There are times when a couple knows that their marriage is over. But, they may have reasons why divorce would put them in situations that they do not want to be in. When these types of issues come up, the answer may be a legal separation.
What Situations Make Divorce A Less Than A Desirable Option?
Let’s say that a couple has been married for a while and they have children together. One of the spouses is ill, or one of the children has a medical condition that is expected to last a long time. They utilize the medical insurance provided by the company that one spouse works for.
A divorce would mean changing insurance companies. While the law will not allow an insurance company to refuse coverage because of existing illnesses, the premiums and deductibles will probably be very expensive.
To get a divorce, you must have lived in the state for at least six months before you can file. After the divorce has been filed, you must wait an additional six months before the divorce is final. There are no waiting periods to file a legal separation, according to our divorce attorneys. From the moment you file the separation, the clock begins for the six-month finalization. Once you have filed for the legal separation, you can request that the courts convert it to a divorce, and by then, the waiting period is usually over. So, people in a hurry to get a divorce will sometimes file for the separation first.
Is It Easier To File A Legal Separation Than To File For Divorce?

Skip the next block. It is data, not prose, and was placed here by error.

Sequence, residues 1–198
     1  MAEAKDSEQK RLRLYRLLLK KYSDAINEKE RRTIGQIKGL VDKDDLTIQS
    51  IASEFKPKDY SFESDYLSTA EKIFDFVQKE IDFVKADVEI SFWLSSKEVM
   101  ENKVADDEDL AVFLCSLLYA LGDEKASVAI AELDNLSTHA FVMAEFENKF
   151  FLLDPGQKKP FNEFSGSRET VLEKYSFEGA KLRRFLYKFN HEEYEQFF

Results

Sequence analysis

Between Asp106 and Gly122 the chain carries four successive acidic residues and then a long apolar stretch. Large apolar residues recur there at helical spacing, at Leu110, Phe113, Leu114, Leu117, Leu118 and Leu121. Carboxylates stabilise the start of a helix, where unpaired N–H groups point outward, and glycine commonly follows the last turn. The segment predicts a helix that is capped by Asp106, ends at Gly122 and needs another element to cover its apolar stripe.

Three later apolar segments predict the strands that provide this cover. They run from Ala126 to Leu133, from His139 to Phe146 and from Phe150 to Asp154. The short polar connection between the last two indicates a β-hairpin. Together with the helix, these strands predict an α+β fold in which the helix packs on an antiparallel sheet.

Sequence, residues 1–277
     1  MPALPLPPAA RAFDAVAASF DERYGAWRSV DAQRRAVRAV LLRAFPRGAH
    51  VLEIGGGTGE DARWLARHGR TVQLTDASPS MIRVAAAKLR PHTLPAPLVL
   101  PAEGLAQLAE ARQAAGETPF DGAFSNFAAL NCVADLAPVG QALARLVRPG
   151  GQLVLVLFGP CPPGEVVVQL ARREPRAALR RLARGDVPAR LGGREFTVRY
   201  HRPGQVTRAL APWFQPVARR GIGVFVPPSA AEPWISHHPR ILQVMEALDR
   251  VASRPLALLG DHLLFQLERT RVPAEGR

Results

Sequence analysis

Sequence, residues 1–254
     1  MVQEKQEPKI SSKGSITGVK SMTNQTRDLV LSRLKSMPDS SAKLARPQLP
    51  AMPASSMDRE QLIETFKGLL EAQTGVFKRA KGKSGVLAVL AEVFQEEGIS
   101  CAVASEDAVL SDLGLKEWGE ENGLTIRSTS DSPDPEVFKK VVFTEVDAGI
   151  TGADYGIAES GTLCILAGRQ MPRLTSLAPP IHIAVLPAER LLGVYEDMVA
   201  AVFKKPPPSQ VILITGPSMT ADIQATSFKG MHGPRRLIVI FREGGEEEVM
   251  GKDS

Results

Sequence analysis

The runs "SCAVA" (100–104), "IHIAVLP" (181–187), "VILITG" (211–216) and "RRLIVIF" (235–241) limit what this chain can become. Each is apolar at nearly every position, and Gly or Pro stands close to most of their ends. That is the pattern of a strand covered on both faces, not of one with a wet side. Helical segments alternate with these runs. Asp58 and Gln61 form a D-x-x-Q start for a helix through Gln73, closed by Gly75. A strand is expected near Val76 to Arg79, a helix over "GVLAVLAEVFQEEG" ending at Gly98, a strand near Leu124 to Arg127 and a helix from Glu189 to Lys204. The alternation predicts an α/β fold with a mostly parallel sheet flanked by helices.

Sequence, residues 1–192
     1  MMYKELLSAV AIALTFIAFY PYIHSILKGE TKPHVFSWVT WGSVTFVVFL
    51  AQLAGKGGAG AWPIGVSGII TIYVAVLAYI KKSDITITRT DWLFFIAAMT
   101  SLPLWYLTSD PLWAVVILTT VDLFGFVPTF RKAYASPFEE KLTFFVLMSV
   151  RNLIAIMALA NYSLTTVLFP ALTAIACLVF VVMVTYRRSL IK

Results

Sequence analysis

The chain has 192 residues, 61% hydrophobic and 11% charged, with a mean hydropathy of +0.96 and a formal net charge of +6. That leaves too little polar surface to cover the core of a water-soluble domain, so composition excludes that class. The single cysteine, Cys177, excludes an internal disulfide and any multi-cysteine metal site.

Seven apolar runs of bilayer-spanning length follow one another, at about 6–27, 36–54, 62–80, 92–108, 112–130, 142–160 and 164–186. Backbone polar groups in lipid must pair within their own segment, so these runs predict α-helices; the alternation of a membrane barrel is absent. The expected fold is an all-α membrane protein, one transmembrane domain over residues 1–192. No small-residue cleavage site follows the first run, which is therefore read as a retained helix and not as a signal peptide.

There are only two choices acceptable to the courts to file a legal separation. They are irreconcilable differences or incurable insanity of your spouse. Your spouse has to agree with the route of legal separation or he or she must default (not appear) after they are served with the petition.
The methods and procedures for filing a legal separation are the same. You must disclose financial information, debts, and property ownership. There will be a custody decision and child support orders. Just as in a divorce, all property will be divided, and finances will be managed.
While you are legally separated, you cannot remarry. You are still legally married unless or until you convert your legal separation to a formal divorce.
If you are legally separated but still married at the end of the year, you can file a joint tax return with your spouse. Both spouses must be in agreement on this issue.
If you have been separated at least 1 ½ years, and you have at least one child that lives with you more than 50% of the time, you can file head of household which may lower your tax rate. However, it is almost always beneficial to file jointly if you can and if both spouses agree to it.
As you can see, there are times when a legal separation is beneficial. As in divorce, it can be complicated, and it is always a good idea to utilize the skills of one of the top divorce lawyers. The agreements you make when you file a legal separation are binding, so it must be taken seriously. If you later convert it to a divorce, it converts with the same stipulations you agreed to on the separation.